Visual impairments cause a loss of education
Many children in developing countries often have restricted access to education, when paired with a visual disadvantage, it is near impossible for them to learn at all. With some progress being made, often with the assistance of international organisations, there is still a long way to go in terms of supporting visually impaired youth.
Visual impairment is one of the most common disabilities seen in children. Across the world, children require access to eyeglasses or some form of corrective treatment. In many nations, there are children who do not have access to treatment or glasses due to a lack of resources or infrastructure in the region. This has led to complete disenfranchisement from education and social activity.
Loss of vision can cause a multitude of issues, especially in middle to low-income countries. Across the Western world in countries such as the US and the UK, many children are able to gain access to sufficient treatments – allowing them to stay educationally and socially productive. However, this is not the case in many other countries. In regions such as South-East Asia and Africa, children already have certain obstacles to face when trying to attain education, when vision loss is added it is almost impossible for those children to go to school at all.
Both remaining out of education and attempting to go to school can hinder a child’s ability to learn. In a report by the Nigerian Journal of Ophthalmology, it is stated that governments should be spending at least 5% of GDP on health-related matters for children. Many governments are unable/are not willing to do this due to differing priorities, leading to many who could be cured of blindness, remaining blind.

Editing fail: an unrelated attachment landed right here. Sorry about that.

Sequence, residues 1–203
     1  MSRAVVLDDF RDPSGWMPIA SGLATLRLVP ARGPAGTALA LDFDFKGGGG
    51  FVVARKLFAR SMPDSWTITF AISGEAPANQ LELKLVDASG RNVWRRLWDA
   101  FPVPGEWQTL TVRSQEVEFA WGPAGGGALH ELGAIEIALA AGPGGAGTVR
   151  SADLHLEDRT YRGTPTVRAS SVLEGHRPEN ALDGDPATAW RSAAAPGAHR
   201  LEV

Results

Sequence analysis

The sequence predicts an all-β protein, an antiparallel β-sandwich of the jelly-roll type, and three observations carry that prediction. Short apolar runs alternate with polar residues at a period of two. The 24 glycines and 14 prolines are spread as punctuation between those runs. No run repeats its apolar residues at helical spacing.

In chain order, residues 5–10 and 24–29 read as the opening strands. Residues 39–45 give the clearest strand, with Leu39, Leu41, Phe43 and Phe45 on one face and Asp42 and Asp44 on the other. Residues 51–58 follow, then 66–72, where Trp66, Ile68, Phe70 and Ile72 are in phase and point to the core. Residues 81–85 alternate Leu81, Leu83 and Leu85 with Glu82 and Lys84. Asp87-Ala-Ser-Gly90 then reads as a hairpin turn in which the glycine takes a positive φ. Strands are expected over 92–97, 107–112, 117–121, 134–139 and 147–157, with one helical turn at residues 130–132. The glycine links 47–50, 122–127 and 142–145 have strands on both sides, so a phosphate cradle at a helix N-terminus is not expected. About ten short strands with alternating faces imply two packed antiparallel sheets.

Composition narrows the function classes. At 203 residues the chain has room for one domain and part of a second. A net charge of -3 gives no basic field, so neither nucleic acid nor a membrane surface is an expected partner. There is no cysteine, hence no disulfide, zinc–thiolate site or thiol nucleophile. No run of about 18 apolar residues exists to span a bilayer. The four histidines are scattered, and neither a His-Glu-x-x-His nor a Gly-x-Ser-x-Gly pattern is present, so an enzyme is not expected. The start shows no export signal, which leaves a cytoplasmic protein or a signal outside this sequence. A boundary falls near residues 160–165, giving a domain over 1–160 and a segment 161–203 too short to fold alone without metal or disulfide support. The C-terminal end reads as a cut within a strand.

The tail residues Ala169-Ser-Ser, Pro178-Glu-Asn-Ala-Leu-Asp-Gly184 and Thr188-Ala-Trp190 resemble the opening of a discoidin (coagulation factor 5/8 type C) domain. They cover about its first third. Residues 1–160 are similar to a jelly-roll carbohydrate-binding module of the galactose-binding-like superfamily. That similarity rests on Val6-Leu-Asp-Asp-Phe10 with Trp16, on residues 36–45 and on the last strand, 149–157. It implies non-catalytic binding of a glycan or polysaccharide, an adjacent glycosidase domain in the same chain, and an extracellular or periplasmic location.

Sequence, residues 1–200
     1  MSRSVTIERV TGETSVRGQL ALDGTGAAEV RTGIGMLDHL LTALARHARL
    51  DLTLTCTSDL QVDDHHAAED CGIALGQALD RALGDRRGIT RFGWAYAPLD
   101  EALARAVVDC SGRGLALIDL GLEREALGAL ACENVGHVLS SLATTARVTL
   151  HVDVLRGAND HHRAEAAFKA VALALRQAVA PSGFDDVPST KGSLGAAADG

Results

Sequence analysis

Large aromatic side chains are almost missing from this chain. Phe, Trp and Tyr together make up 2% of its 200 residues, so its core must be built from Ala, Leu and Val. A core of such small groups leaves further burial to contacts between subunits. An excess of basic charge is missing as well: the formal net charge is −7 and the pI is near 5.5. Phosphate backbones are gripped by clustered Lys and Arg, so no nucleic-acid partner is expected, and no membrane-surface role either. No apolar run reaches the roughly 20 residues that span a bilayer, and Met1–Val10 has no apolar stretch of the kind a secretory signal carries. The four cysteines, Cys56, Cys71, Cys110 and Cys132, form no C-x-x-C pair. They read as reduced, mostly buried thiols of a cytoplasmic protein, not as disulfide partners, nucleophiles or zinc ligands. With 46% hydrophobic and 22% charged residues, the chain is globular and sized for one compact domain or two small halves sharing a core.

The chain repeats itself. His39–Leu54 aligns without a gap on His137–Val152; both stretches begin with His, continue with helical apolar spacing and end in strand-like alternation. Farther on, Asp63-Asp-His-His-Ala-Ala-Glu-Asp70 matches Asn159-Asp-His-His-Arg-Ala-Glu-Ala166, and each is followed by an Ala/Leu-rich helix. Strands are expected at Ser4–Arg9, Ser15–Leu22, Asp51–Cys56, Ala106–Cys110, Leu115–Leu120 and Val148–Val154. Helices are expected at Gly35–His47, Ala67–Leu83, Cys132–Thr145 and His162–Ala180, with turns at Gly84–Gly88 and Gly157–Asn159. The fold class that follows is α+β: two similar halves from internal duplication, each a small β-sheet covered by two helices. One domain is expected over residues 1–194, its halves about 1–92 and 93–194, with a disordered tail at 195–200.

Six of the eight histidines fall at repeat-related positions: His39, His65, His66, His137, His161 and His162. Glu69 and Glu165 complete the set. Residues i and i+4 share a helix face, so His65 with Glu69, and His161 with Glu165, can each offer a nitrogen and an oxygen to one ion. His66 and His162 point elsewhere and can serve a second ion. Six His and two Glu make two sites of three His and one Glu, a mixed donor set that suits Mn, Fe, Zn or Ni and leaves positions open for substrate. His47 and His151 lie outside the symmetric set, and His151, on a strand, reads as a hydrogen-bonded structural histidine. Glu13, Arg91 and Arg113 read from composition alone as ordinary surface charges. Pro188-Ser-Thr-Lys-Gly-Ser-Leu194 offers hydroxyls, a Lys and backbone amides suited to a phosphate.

Certain efforts can be made in schools to prevent children from missing out on a well-established education. In 2018, the Commonwealth made a strong commitment to giving access to quality eye care for all – the first time that any heads of state had pledged to support eye health on a large scale. This initiative then encouraged the United Nations to create a resolution that supports the development of eye care.
Building upon this, the Commonwealth Coalition has revived its call for education ministers to work alongside health ministers to create a system to introduce eye tests, affordable glasses and treatments across the Commonwealth by 2030.
It has been reported that there are over 300 million children across the world suffering from some form of sight loss and requiring glasses to fix their vision. Without this intervention, many children will live a life without access to quality education, pushing them into poverty as they move through life.
Around three-quarters of the world’s blind youth live in the poorer regions of Asia and Africa where eye specialists are scarce. Many organisations are beginning to train general practitioners and specialist eye practitioners in new methods to treat blindness in developing nations. With this in mind, it is important to note that the International Agency for the Prevention of Blindness discovered that there was a “critical shortage” of eye care professionals in sub-Saharan Africa.
The lack of specialists has caused a significant divide in how people are treated in different countries. With the emphasis on education and children, it is essential to recognise that implementing programmes within communities and schools will improve the lives of many visually impaired children across the world.
For this to become a reality, we must call on governmental bodies and organisations to make a real change before it is too late.
The Tej Kohli & Ruit Foundation is a restricted fund operating under the auspices of Prism The Gift Fund, registered UK charity number 1099682.